Congratulations, my beautiful, brilliant Janie.

Worlds await you every day.

*And possibly a stiff drink or two. If you think she was happy about no homework for two months, you should have seen the handspring I would have done if only gravity and physics haven’t been taking such keen interest in my physical exertions since I was in fourth grade.

**Which you may or may not have expected, depending on your knowledge of Mr. Graves.  Mine is minimal, so I’m thinking he’ll have his own post soon.

The High(lander) Points of Courtship

I’ve already told the story of my wedding veil flambé, and our Canadian Honeymoon Chicken, so this year, I’m going to reminisce about what brought my husband and I together.

We both agree it was a miracle it ever happened.*

A miracle, fencing, and movies.

I joined the college fencing club because I’d broken up with my boyfriend of two years and wanted a) a reason to spend as much time as possible away from the dorm; b)  a way to work out some aggression; and c) a legitimate reason to carry a weapon.

My not-yet-husband was the student coach and I became captain of the women’s team—which would be more impressive if I hadn’t been the only woman on the team that first year.**  But that’s how we met and over the next few months, we became friends.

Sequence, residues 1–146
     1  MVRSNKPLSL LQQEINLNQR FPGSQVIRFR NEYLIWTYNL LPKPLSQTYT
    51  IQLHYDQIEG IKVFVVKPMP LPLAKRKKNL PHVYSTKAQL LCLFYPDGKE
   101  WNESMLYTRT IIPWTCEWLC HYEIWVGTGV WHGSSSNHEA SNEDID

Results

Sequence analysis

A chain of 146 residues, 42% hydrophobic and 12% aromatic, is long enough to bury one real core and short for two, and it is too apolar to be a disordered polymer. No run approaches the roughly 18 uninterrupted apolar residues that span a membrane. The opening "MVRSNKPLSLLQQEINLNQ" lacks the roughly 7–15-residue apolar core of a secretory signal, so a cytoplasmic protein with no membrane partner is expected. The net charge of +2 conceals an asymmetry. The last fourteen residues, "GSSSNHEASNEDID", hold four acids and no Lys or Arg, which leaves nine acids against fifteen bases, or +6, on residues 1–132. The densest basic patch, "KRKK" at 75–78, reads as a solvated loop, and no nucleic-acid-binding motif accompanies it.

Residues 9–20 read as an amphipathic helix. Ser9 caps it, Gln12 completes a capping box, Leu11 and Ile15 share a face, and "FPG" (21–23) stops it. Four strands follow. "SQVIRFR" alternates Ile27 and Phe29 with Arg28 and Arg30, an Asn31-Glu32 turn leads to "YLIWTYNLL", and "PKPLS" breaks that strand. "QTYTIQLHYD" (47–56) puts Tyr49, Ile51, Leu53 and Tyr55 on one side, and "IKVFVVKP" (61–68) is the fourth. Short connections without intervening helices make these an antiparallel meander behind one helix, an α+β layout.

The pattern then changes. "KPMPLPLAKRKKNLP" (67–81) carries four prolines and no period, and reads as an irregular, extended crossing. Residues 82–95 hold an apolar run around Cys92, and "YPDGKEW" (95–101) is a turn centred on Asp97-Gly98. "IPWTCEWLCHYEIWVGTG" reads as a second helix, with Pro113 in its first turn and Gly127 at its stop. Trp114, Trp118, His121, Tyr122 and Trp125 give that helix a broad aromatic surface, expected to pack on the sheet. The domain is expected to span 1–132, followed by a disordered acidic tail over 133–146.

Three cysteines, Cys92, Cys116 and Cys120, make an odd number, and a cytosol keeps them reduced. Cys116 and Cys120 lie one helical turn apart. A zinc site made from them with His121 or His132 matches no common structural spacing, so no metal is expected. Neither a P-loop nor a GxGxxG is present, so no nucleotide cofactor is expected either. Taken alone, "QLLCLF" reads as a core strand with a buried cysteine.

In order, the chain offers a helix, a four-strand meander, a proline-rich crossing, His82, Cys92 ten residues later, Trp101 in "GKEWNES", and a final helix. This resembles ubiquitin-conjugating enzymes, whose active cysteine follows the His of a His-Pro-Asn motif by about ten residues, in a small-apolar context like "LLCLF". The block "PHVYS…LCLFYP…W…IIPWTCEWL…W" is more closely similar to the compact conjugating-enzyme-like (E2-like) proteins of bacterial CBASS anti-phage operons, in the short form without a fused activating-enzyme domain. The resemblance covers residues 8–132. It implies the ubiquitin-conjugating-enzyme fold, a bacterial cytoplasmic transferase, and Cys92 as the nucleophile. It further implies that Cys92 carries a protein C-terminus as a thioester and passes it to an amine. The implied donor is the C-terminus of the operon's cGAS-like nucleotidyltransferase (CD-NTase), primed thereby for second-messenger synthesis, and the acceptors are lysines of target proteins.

A three-day weekend was coming up, and he asked me if I was staying, and I said I was.  He asked me if I had plans, and I shrugged and said “Reading a good book.”

He said, “That’s right, you can’t drink yet.”  But he didn’t offer an alternative, and I wasn’t about to in case he was just making conversation, so we went our separate ways.

And then I thought about it . . . and called him. This was the first time I had ever called someone of the male persuasion with the intent of wrangling myself a date.  I reminded him of who I was and told him that I’d finished my book.

“Congratulations,” he said, not helping at all.***

So I gathered together my bravery and said, “So now I need something to do.  Any suggestions?”  If he said, another book, I’d give up.

There was a long pause.^  “Have you seen Highlander?


“Want to?  My folks have a VCR.”

So he picked me up at the dorm and we went to the rental place.  Highlander was out, but they did have Terminator and Living Daylights.

We stayed up all night in his parents’ living room—they were away for the weekend—watching movies and talking and then he took me back to the dorm early in the morning.  Our first kiss happened around then, though neither of us remember for sure—we were still playing it casual, I think.